What this understanding of innovation looks and feels like to me is respect for the past and an appreciation for diversity, more than being enamoured with the latest and greatest. It is something akin to what Duke University theologian Gregory Jones has termed “traditioned innovation”: an approach that doesn’t force us to choose between preserving tradition and pursuing change. Indeed, Jones argues that this is what characterizes the New Testament—the calling to bear witness to the Holy Spirit, the One who is both “making all things new” and conforming us to Christ.
Innovation, ecclesial ecosystems ‘not simply in lockstep’
To be clear, the innovation and ecclesial ecosystems I find myself in are not simply in lockstep with each other. There are both rubs and gaps to be found, and by highlighting two contributions I have gleaned from my immersion experience I think can prod the church in helpful ways:
• The first is the permission, or rather the encouragement, to take risks. Now, I realize that being a faithful church is a big responsibility, but do you ever wonder if we are playing it safe? Do you ever wonder if the sophistication of our institutional existence makes it hard to break out of our boxes and follow where the Spirit may be leading us? Over the past year, I have been humbled by those who embrace slogans such as “failure is an option.” Talk about an openness to the unknown! Talk about accepting our own humanness!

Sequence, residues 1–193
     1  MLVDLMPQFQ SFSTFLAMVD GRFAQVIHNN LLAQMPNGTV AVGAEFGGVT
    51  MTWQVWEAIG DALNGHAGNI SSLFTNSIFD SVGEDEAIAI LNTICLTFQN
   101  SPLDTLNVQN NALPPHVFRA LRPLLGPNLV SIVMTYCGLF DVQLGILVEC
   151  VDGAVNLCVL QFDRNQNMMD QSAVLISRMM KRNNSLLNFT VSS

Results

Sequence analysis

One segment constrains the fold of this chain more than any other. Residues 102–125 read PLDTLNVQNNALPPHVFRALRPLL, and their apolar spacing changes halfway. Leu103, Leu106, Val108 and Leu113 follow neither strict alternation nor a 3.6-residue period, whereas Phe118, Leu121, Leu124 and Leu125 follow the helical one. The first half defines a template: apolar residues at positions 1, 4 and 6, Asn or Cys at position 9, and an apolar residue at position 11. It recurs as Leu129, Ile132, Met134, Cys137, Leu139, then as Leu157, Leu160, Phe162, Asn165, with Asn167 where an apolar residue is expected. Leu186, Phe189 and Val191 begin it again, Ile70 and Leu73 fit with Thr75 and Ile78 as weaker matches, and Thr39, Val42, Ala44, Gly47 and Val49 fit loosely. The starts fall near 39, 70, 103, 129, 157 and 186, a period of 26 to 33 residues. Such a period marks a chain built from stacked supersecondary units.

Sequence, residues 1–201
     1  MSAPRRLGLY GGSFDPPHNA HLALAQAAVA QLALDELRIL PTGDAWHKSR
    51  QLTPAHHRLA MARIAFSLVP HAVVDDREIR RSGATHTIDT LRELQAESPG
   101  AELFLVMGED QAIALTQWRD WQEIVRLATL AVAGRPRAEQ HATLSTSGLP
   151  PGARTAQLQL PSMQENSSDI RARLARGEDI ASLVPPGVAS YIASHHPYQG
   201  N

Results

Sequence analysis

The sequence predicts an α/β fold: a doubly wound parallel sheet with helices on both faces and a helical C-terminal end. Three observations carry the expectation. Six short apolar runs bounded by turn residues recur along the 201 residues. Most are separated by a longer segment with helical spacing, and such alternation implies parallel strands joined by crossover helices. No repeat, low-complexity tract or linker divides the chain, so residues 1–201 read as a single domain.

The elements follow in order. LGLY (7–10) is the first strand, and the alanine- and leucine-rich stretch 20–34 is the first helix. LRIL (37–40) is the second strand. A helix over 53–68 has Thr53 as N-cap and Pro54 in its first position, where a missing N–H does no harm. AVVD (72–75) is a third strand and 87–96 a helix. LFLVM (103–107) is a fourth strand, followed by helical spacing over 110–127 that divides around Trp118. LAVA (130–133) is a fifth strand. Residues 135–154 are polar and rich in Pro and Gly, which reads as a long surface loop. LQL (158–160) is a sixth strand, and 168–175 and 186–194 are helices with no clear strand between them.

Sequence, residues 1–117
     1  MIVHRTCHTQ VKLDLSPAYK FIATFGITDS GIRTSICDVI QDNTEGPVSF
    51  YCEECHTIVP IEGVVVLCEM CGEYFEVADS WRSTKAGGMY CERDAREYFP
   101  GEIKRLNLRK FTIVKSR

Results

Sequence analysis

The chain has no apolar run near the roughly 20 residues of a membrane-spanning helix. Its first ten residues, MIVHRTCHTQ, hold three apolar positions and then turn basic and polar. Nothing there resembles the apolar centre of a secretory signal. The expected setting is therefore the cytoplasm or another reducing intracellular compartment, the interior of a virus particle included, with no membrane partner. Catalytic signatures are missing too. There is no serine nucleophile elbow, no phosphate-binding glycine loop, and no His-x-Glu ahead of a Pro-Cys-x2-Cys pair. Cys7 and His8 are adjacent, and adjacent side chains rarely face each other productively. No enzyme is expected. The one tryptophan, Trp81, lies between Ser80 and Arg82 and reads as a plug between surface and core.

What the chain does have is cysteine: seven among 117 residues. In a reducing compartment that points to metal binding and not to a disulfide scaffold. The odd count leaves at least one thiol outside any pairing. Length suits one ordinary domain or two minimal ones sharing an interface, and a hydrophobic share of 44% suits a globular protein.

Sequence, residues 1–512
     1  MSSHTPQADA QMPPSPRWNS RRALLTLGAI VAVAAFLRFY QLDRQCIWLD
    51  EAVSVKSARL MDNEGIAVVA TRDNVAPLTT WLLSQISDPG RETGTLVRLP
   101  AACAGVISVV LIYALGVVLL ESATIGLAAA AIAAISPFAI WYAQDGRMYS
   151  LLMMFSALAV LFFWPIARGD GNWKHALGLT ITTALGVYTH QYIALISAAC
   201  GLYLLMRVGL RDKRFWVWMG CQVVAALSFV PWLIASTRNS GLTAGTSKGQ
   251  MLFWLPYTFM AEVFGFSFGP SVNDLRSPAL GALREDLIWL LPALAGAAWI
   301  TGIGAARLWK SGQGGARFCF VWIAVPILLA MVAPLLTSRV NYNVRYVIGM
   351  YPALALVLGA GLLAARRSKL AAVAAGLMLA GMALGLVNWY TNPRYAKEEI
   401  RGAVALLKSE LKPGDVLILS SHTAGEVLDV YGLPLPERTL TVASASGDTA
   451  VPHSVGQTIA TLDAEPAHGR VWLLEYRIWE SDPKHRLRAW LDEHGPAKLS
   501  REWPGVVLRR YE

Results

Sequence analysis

Certainly we can point to our Anabaptist forebears and other persecuted ancestors to highlight a heritage of bold and courageous risk-taking; of thriving on, rather than simply surviving, upheaval and change. And certainly this heritage is alive and well in many parts of the global Mennonite communion. So perhaps this prodding from the contemporary culture of innovation could actually move us towards a posture that aligns well with our true calling.